There is an assumption in America that new political leaders across the world campaigning against long-term incumbents or establishments must, naturally, share the full spectrum of western, liberal and democratic values cherished in Washington D.C.
The premise is as dangerous as it is mistaken. Recent decades are scattered with “great western hopes” that have not only disappointed when they finally reached office - but even turned out worse than those they replaced, with civil unrest, rollbacks of human rights, and severe deterioration in the lives of minorities.
There is Aung San Suu Kyi. Once named by TIME Magazine as one of the “Children of Gandhi”, she was for years a guest star at American and British liberal dinner parties. But her time as great helmsman of Myanmar – following a long opposition to the military junta – saw her government complicit in a genocide against the Rohingya, which she then insisted on defending personally at the International Court of Justice.
There’s the youthful prime minister of Ethiopia, Abiy Ahmed. He was the nation’s first leader who was Oromo, the largest ethnic group that had led opposition to one-party government for decades, campaigning against their own political and economic marginalization. Shortly after winning the Nobel peace prize, Ahmed was leading an ethnic war against Tigrayans, who had historically dominated the upper echelons of power in the country.
And then there’s Adama Barrow of The Gambia in west Africa. Ushered into office by American progressive lobbyists following the fall of authoritarian Yahya Jammeh, he has reneged on his pledge to serve only three years as president, quashed an attempt to restrict presidential terms (intended to avoid a repeat of the years in office of his demented predecessor), and renounced his promise to overturn the country’s violent anti-gay laws.
Equally, there are times when misguided support for those who have lost still has consequences. Emboldened, the loser claims the election was stolen without evidence, leading to mass civil unrest and the undermining of the democratic process. This is the case in Uganda.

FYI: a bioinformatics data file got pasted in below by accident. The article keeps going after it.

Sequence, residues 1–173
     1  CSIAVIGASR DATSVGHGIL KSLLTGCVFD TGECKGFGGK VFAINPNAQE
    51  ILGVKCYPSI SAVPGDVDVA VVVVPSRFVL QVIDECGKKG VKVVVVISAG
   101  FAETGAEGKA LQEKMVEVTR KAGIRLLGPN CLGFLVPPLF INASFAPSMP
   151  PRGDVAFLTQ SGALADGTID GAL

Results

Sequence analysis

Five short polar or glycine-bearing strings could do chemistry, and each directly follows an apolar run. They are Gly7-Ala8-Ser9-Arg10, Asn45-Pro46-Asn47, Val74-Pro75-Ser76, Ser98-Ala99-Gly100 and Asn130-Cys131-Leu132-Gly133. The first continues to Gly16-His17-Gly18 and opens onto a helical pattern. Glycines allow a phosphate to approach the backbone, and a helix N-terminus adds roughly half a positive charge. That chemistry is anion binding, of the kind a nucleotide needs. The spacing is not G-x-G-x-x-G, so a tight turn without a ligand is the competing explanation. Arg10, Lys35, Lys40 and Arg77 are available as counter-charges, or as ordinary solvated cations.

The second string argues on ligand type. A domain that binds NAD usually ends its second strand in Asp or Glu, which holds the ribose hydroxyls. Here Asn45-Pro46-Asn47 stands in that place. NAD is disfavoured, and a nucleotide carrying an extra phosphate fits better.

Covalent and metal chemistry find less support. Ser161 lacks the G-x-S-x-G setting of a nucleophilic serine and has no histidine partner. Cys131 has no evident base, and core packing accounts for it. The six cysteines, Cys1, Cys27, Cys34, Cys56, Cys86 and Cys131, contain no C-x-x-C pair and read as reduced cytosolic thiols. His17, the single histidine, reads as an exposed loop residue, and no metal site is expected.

There, the vote earlier this year saw opposition leader Bobi Wine go down to defeat. Feted by Western liberals as Africa’s new hope, Wine at least on the surface has much to offer: Glamorous, erudite, the anti-corruption campaigner is also a ghetto-to-hero chart-topping reggae artist.
More importantly, however, it is what he claims to be against that draws the international interest. The current president and governing party of Uganda has held democratic power for a generation in a country where the average age is 16. Whilst both have continued to be re-elected, stability and longevity have blinded many to the character of the challenger. A quick look at Bobi Wine’s past reveals some distinctly anti-liberal edges – particularly when it comes to LGBT rights – that should have been a cause for extreme caution when offering support.
In 2014, his emphatic homophobia was the reason he was denied a visa to UK. Slated to play in London and Birmingham, gay rights campaigners objected to allowing the artist to perform hate songs. The change.org petition stated: “Ugandan artist Bobi Wine writes songs with blatant homophobic lyrics and calls for gay people to be attacked, or killed… allowing such an artist to appear in public is clearly going to raise tensions”. They were referring to lyrics such as “burn all the batty man” and “All Ugandans get behind me and fight the batty man.”
This seems to have been forgotten by those in the West who rallied behind him. Of course, his views should not bar him from running for president, nor being elected. That is for Ugandans to decide – and, in a country where conservative views on the matter are prevalent, it should have even helped him. So it begs the question why, when he did not win, the State Department seems to be sustaining his claim that the election was stolen.
It is all the more surprising given Wine withdrew his petition to overturn the result before the courts. Though he claimed it necessary with political placement in the judiciary, for anybody who had been paying attention his allegations simply didn’t add up. On many recent occasions, the courts had ruled in his favor. They halted a legal attempt to deregister his party as the election was beginning, and then when security services surrounded his home following the election result, it ruled they leave immediately. Indeed, it was the same courts that rejected as unconstitutional an "anti-gay law" that would have made homosexuality in Uganda a capital offense, a law for which Wine’s song had rallied support.
The real reason for Wine’s withdrawal was lack of evidence, especially given the scale of his defeat (nearly 2.5 million votes behind from a turnout of 10 million). But it is easier to win in the “court of public opinion,” so that is where he has taken his case. Meanwhile, his actions cause the democratic process and rule of law in Uganda to be eroded in the eyes of his supporters, the electorate as a whole, and the international community.
For Africans, and certainly Ugandans of a certain age, the West’s often unquestioning – and often barely researched - support for political figures such as Wine has troublesome echoes of the past. In the late 1960s another young Ugandan opposition leader seemed at least on the surface to have much to offer: “A splendid type… not very bright…completely reliable” is how the British described the deranged dictator Idi Amin in the years immediately before he staged a coup and declared himself “King of Scotland.”